Spalding ISummary of this case from Spalding v. Marion Cnty. Bd. of Educ.
Jeffrey S. Walther, W. Scott Hunt, Lexington, KY, for Appellant. Robert L. Chenoweth, Grant R. Chenoweth, Lawrenceburg, KY, for Appellees.
Jeffrey S. Walther, W. Scott Hunt, Lexington, KY, for Appellant.
Robert L. Chenoweth, Grant R. Chenoweth, Lawrenceburg, KY, for Appellees.
Before ACREE, Chief Judge; TAYLOR and VANMETER, Judges.
Martha Spalding appeals from the Marion Circuit Court order granting summary judgment in favor of the Marion County Board of Education and Donald Smith, in his official capacity as Superintendent of the Marion County Schools (hereinafter collectively referred to as “Board”) and denying Spalding's cross-motion for summary judgment. The trial court held that Spalding's position as Family Literacy Instructor with the Board was that of a “classified employee,” rather than a “certified employee,” and resolved Spalding's request for declaration of rights accordingly. Implicit in the trial court's ruling was also a denial of Spalding's claim that the Board was equitably estopped from denying that Spalding was a “certified employee.” Based on our review of the record, we believe a genuine issue of material fact exists concerning Spalding's equitable estoppel claim and therefore reverse this portion of the trial court's order. On remand, Spalding is entitled to a factual determination as to the applicability of equitable estoppel in this case.Beginning with the school year 2000–01, Spalding has been employed by the Board as a Family Literacy Instructor. This employment has continued under annual contracts renewed every school year since. The contracts do not specify whether the position of Family Literacy Instructor is “classified” or “certified” status. Spalding has maintained certification for grades K–4 through the Kentucky Education Professional Standards Board throughout her employment with the Board. Her position as Family Literacy Instructor primarily involves teaching General Educational Development (“GED”) and Adult Education courses.
In February 2009, Spalding submitted a “Certified Re-employment Application,” i.e., an annual contract, as she had done each year since 2000–01, indicating that she wished to be re-employed in the Marion County School District for the 2009–10 year. For the first time, Spalding indicated on the application that she anticipated a change in rank to Rank II for the 2009–10 school year, based on her belief that she had earned enough academic credits to be entitled to Rank II and its attendant salary increase. See KRS 161.1211 (discussing rank and salary schedule).
Kentucky Revised Statutes.
In April 2009, the Superintendent sent Spalding a letter indicating that her employment was not being renewed for the 2009–10 school year. Thereafter, the Superintendent offered Spalding a one-year contract for her position as Family Literacy Instructor, at the same rate of pay. Spalding accepted the position, but expressed her disagreement with the Board's characterization of her employment status as that of a “classified employee,” rather than a “certified employee,” the latter status having certain attendant benefits and protections that a “classified employee” does not have.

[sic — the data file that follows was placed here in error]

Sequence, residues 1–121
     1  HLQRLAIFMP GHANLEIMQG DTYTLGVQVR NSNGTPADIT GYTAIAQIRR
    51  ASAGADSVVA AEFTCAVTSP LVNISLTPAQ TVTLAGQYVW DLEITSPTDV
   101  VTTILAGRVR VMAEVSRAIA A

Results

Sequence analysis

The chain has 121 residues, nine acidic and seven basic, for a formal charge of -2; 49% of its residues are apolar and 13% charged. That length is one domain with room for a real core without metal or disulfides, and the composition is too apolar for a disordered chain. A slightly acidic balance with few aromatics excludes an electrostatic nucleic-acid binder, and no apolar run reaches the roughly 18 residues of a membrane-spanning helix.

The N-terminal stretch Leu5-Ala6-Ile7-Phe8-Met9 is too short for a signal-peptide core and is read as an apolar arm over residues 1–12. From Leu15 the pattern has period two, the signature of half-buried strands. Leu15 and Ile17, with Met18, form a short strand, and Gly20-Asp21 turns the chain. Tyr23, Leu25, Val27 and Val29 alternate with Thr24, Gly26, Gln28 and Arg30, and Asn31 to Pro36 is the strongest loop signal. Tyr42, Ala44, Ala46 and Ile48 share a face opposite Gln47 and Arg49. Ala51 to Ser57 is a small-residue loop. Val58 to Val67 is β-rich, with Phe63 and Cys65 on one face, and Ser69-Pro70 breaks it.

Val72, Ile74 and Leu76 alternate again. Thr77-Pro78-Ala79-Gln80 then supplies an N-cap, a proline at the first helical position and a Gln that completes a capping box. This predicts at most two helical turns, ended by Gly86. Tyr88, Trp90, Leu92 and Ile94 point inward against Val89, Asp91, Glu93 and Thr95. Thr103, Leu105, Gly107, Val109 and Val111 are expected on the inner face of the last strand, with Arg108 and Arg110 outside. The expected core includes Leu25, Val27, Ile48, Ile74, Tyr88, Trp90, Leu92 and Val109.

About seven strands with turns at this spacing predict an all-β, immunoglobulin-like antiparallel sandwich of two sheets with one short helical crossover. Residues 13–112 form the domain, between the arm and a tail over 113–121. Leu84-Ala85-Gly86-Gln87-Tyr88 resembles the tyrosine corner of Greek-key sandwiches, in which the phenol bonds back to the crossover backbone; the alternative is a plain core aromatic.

Spalding then filed this action in the Marion Circuit Court seeking a determination that she was/is a “certified employee” within the meaning of KRS Chapter 161 and, as a result, is entitled to a continuing contract under KRS 161.740 and the benefits and protections afforded to “certified employees.” Ultimately, both parties filed cross-motions for summary judgment. The trial court granted the Board's motion for summary judgment, denied Spalding's motion and dismissed the complaint. The trial court opined that the record demonstrated the Board properly classified Spalding as a “classified employee,” and that her position as Family Literacy Instructor was not one requiring certification. Spalding now appeals.
Our standard of review on appeal of a summary judgment is “whether the trial court correctly found that there were no genuine issues as to any material fact and that the moving party was entitled to judgment as a matter of law.” Scifres v. Kraft, 916 S.W.2d 779, 781 (Ky.App.1996). Summary judgment shall be granted “if the pleadings, depositions, answers to interrogatories, stipulations, and admissions on file, together with the affidavits, if any, show that there is no genuine issue as to any material fact and that the moving party is entitled to judgment as a matter of law.” CR 56.03. The trial court must view the record “in a light most favorable to the party opposing the motion for summary judgment and all doubts are to be resolved in his favor.” Steelvest, Inc. v. Scansteel Serv. Ctr., Inc., 807 S.W.2d 476, 480 (Ky.1991). Summary judgment is proper only when “the movant shows that the adverse party could not prevail under any circumstances.” Id. Finally, since summary judgment involves only legal questions and the existence of any disputed material issues of fact, an appellate court need not defer to the trial court's decision and will review the issue de novo. Coomer v. CSX Transp., Inc., 319 S.W.3d 366, 370–71 (Ky.2010).
Kentucky Rules of Civil Procedure.
On appeal, Spalding argues that she is a “certified employee” or, alternatively, that the Board is equitably estopped from denying her that status. The Board argues that the position of Family Literacy Instructor did not require certification and therefore Spalding was not a “certified employee.” Regarding Spalding's equitable estoppel argument, the Board maintains that, as a governmental entity, it is not subject to equitable estoppel.